Thinking Spring

By Susan Littlefield

It may still be wintry and cold in many parts of the country, but the days are getting longer, signaling that we have turned the seasonal corner and spring is, indeed, in the offing. So now is the time to think, dream, plan, and prepare for all that this year's garden holds in promise. We can review what worked in last year's garden, where improvements might be made, and what exciting new things we want to try.

Try Something New in 2012

One of the most fun aspects of gardening is the opportunity to try something new and different each year. Sure, we want to keep growing the tried-and-true varieties that have done well in our gardens. But there is nothing more exciting than planting a new variety of tomato or corn, or an unfamiliar flower, and perhaps discovering a new addition to our all-time favorites list!

One way to keep things fresh and interesting in the garden is to choose a particular crop to trial each year. Let's say you choose tomatoes to focus on this year. In addition to the varieties you usually plant, include one plant each of several varieties you've never tried before. Then, when plants are laden with ripe fruits, have a taste test. Keep track of other aspects of your crop to compare, such as resistance to disease, time of ripening, perhaps how well plants did in a hot, dry spell. You may not find a new "keeper" every season, but you'll have lots of fun testing and evaluating plants.

If you're really ambitious, get some gardening friends and neighbors to go in together to trial the same type of plant at the same time, each choosing different new varieties to grow. Then hold a monster "taste-a-thon" in late summer. Let everyone sample each variety and weigh in with their opinions on taste. Folks may go home with new ideas on what to plant in their own gardens next year!

At Willhite Seeds, we help you keep your gardening experience interesting by offering new seeds to try each year, from veggies to flowers, as well as helpful new garden-related products. Remember the words of the old song, "Make new friends, but keep the old"? Plant your favorites, but be sure to try some of our new offerings as well.

'Fortune' Summer Squash (39 days) - This straightneck hybrid summer squash is vigorous and productive with an attractive "dark butter" yellow color.

'Knight' Wrinkled Seeded Pea (62 days) - This high-yielding pea bears 4-inch long pods with 7 to 9 peas per pod and shows good disease tolerance.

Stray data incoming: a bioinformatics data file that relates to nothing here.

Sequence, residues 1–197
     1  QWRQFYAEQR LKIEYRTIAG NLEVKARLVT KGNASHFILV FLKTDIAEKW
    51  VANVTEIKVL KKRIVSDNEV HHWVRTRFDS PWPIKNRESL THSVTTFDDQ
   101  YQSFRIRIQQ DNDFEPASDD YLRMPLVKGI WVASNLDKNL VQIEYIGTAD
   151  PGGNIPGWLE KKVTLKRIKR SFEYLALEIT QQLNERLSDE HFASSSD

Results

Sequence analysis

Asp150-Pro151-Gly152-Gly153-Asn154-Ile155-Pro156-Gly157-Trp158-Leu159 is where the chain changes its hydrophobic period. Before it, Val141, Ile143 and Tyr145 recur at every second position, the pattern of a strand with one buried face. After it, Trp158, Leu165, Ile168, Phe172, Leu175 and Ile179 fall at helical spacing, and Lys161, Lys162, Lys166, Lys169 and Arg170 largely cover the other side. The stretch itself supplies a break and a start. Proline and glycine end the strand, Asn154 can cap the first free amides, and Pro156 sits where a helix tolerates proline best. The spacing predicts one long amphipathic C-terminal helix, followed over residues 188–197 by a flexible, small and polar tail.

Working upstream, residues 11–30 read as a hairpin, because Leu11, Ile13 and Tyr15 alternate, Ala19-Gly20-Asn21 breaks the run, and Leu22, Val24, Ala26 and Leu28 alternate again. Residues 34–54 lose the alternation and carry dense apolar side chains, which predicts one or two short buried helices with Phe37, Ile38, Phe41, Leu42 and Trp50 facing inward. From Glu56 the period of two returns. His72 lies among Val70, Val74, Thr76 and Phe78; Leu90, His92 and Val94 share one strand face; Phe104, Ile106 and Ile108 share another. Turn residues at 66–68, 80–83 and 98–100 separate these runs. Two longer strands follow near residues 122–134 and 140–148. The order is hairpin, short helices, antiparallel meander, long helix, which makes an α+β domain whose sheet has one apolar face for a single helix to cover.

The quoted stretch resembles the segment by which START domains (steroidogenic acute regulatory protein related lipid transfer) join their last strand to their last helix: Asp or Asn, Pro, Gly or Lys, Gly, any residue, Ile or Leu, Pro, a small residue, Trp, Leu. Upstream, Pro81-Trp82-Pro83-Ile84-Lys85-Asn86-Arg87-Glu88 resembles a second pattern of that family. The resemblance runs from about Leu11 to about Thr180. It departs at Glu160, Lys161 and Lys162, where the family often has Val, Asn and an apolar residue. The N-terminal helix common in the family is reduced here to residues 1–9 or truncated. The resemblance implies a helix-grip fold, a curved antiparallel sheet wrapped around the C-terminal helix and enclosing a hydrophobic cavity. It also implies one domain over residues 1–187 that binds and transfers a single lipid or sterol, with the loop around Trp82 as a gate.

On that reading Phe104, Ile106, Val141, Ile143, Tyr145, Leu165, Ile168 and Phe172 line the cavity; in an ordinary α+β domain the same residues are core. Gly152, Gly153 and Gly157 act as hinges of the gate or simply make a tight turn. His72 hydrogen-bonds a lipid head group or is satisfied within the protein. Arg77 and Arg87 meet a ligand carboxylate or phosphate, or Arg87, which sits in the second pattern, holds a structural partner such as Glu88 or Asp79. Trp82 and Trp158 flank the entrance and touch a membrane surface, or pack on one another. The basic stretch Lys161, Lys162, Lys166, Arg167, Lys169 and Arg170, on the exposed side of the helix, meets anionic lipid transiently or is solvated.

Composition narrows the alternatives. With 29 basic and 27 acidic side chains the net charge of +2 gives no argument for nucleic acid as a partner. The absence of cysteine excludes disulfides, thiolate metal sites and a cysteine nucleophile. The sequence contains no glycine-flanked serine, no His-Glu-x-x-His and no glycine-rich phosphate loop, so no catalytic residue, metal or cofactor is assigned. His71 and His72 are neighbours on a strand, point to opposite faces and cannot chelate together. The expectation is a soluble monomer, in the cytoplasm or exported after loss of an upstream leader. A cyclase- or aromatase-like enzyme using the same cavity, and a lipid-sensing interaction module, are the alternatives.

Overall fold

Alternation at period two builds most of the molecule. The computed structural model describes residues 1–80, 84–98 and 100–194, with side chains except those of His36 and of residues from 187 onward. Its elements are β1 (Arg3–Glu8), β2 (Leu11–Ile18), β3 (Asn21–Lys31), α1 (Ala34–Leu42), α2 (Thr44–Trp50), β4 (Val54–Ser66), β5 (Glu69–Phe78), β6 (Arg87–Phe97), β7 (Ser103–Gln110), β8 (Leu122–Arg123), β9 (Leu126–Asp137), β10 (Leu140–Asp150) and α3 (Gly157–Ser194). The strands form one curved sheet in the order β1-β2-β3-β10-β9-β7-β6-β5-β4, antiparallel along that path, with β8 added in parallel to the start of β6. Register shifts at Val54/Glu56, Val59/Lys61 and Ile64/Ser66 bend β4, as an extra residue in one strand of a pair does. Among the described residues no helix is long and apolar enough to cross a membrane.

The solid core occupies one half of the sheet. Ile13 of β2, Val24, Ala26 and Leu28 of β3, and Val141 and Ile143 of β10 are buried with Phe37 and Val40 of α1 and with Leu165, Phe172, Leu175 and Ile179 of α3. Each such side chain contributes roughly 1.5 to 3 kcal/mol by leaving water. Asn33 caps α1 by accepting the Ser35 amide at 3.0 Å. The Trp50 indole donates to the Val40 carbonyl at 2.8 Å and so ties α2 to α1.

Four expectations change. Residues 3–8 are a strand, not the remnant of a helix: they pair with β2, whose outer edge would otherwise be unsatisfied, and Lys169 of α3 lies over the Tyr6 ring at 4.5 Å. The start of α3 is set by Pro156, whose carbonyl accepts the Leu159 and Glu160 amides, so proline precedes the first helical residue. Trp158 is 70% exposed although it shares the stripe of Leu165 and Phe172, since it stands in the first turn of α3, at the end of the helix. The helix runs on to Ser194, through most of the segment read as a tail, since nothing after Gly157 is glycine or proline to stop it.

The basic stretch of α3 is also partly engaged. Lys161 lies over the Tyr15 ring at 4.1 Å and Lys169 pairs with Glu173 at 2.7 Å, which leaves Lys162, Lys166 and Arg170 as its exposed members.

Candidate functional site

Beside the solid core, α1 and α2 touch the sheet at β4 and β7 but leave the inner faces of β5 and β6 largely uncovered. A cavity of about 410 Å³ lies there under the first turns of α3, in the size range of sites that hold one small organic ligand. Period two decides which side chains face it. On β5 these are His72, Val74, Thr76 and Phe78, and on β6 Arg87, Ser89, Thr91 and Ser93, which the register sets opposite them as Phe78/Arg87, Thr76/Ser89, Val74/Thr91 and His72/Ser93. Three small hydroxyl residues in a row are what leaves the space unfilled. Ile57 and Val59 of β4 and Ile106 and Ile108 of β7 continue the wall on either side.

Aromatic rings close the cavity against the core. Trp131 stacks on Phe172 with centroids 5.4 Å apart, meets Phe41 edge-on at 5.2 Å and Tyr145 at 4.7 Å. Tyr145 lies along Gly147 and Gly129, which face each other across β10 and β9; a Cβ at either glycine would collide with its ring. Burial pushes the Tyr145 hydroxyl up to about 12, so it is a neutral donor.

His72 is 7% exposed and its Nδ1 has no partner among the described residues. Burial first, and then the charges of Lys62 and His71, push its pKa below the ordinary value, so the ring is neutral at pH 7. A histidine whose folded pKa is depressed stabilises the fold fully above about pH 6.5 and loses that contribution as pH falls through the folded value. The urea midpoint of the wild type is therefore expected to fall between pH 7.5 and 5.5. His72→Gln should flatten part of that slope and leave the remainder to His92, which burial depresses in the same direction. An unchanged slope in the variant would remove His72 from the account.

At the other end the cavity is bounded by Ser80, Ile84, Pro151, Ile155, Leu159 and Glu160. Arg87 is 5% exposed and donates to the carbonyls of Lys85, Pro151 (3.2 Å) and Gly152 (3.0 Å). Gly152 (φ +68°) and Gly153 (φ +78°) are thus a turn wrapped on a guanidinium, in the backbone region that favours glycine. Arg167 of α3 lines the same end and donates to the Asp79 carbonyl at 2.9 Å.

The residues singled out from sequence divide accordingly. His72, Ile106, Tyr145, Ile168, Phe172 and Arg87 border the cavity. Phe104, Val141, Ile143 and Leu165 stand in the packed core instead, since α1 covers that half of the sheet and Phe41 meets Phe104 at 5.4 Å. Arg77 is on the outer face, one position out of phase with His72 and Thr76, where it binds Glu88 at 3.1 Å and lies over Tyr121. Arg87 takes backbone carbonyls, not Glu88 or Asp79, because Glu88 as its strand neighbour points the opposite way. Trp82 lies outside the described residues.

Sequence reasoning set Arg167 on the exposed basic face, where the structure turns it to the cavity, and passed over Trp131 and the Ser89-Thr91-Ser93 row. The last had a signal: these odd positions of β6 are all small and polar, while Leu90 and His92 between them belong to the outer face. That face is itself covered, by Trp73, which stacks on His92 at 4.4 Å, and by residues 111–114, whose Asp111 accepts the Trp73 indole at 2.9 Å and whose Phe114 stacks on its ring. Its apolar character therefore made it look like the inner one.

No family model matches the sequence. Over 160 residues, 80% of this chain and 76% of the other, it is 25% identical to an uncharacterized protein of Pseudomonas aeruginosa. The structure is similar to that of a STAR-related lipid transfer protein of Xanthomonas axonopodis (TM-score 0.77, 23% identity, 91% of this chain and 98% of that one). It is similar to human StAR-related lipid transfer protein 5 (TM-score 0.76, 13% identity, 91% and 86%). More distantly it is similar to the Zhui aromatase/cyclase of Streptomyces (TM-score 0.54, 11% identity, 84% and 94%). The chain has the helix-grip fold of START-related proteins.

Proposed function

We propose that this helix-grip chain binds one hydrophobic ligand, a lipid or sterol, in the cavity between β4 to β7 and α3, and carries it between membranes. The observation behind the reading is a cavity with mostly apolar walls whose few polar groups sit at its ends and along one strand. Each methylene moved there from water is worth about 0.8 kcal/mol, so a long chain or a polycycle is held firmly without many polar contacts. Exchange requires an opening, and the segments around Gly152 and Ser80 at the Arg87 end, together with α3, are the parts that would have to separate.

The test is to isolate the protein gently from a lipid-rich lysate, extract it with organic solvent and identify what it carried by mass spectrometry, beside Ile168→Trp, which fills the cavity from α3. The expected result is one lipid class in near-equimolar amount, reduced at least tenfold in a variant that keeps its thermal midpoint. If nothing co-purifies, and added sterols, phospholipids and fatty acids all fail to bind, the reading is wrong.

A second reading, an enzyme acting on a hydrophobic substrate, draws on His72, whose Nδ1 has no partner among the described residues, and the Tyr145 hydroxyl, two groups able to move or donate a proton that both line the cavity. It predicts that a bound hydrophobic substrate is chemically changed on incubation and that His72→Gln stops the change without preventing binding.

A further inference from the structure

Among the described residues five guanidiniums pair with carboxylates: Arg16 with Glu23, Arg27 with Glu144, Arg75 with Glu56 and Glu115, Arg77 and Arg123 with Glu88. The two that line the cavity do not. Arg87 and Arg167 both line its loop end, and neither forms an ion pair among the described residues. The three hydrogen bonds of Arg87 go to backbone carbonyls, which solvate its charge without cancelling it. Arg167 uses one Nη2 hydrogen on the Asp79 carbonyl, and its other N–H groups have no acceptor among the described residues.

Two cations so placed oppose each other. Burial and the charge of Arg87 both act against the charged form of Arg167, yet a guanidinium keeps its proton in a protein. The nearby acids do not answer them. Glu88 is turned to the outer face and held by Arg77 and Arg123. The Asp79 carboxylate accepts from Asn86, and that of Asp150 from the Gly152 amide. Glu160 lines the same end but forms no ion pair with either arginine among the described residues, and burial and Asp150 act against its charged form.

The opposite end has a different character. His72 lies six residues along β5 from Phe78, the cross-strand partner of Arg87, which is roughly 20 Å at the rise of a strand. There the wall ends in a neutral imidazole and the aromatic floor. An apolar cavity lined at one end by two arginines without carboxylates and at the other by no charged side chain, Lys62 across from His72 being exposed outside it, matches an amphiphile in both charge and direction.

'Sugar Ann' Edible Pod Pea (56 days) - An All-America Winner that doesn't need staking, it is early and stringless with crisp, delicious, 3-inch pods.

Plan a Taste Test Party

What's more fun than getting together with a group of avid gardeners and vegetable lovers and taste testing the new varieties you trial this year? The focus can be on a particular type of veggie -- tomato taste testing is popular -- or you can sample an assortment. Either way, it can be an enjoyable opportunity to connect with like-minded folks, trade gardening experiences and advice, and perhaps find some new favorites to include in your garden.

Start with a planning get-together this spring to decide what crops to grow, who will grow what, and perhaps even place a group seed order. Then plan for a later summer event to taste the fruits of your labors. The timing will depend on which crop or crops you grow.

Vegetables typically eaten raw, like tomatoes, peppers, carrots, melons, and cucumbers make tastings the easiest. But all you need is a couple of big pots of boiling water or a hot grill to savor the varying flavors of boiled or roasted sweet corn.

Set out labeled dishes with small samples of each variety of vegetable, along with some bread or crackers and some water, so testers can cleanse their palates between tastes. Provide each participant with paper and pencil, or design and print up rating sheets. Then have everyone weigh in on their likes and dislikes, perhaps with a one to ten scoring system. Ask the gardeners to share any pertinent growing information they noted, such as disease susceptibility or resistance or early bearing, for example.

Make it an extra-special event by finishing with a potluck meal showcasing all the vegetables grown in your gardens that year. Have folks bring copies of their recipes to share. Not only will everyone "harvest" new ideas for varieties to try, you all will no doubt find some delicious new ways to prepare and enjoy the garden's bounty.

Question of the Month: Leaf Miner in Spinach

Q: Every year my spinach is attacked by leaf miners, ruining the harvest. Is there a way I can control these pests without using chemicals?

A: Spinach leaves that are marred with light brown blisters, blotches, or tunnels have been attacked by leaf-mining flies. The females lay their eggs on the undersides of the leaves. The tiny maggots that hatch out tunnel into the leaves, feeding inside them. If you pull the leaves apart you may see not only these yellowish-white larvae, but the small black specks of their excrement as well.

An easy way to prevent damage is to rotate the location of your spinach crop in the garden each year. Then, as soon as you sow your seeds, cover the spinach bed with a floating row cover to prevent the female flies from reaching plants to lay eggs. Leaf miners overwinter as pupae in the soil, which is why it's important to rotate your crop's location -- otherwise, flies will emerge under the row covers. Be sure the edges of the covers are well sealed where they touch the ground to keep flies from getting in. Since we harvest only the leaves, letting pollinating insects in isn't an issue, so you can leave the row cover in place throughout the harvest season. If a few flies do happen to sneak past your defenses, pick and destroy infested leaves as soon as you notice them.

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